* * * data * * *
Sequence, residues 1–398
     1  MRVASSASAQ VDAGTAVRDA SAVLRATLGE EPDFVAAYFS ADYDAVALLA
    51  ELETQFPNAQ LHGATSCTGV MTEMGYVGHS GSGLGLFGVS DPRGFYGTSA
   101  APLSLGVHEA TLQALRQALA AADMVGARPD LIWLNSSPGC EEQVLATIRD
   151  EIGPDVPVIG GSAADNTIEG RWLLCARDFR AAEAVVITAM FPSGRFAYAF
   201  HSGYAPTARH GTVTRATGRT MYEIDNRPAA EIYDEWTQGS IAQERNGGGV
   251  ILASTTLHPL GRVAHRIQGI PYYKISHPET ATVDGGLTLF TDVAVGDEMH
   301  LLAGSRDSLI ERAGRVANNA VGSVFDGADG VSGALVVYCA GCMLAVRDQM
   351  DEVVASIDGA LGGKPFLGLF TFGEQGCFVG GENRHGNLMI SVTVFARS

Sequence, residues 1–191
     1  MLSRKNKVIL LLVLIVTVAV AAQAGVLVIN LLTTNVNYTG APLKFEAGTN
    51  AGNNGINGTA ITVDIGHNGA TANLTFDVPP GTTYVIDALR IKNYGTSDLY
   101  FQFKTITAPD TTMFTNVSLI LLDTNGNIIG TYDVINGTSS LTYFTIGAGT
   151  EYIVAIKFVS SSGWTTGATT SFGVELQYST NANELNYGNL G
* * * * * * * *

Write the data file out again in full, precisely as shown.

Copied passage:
Sequence, residues 1–398
     1  MRVASSASAQ VDAGTAVRDA SAVLRATLGE EPDFVAAYFS ADYDAVALLA
    51  ELETQFPNAQ LHGATSCTGV MTEMGYVGHS GSGLGLFGVS DPRGFYGTSA
   101  APLSLGVHEA TLQALRQALA AADMVGARPD LIWLNSSPGC EEQVLATIRD
   151  EIGPDVPVIG GSAADNTIEG RWLLCARDFR AAEAVVITAM FPSGRFAYAF
   201  HSGYAPTARH GTVTRATGRT MYEIDNRPAA EIYDEWTQGS IAQERNGGGV
   251  ILASTTLHPL GRVAHRIQGI PYYKISHPET ATVDGGLTLF TDVAVGDEMH
   301  LLAGSRDSLI ERAGRVANNA VGSVFDGADG VSGALVVYCA GCMLAVRDQM
   351  DEVVASIDGA LGGKPFLGLF TFGEQGCFVG GENRHGNLMI SVTVFARS

Sequence, residues 1–191
     1  MLSRKNKVIL LLVLIVTVAV AAQAGVLVIN LLTTNVNYTG APLKFEAGTN
    51  AGNNGINGTA ITVDIGHNGA TANLTFDVPP GTTYVIDALR IKNYGTSDLY
   101  FQFKTITAPD TTMFTNVSLI LLDTNGNIIG TYDVINGTSS LTYFTIGAGT
   151  EYIVAIKFVS SSGWTTGATT SFGVELQYST NANELNYGNL G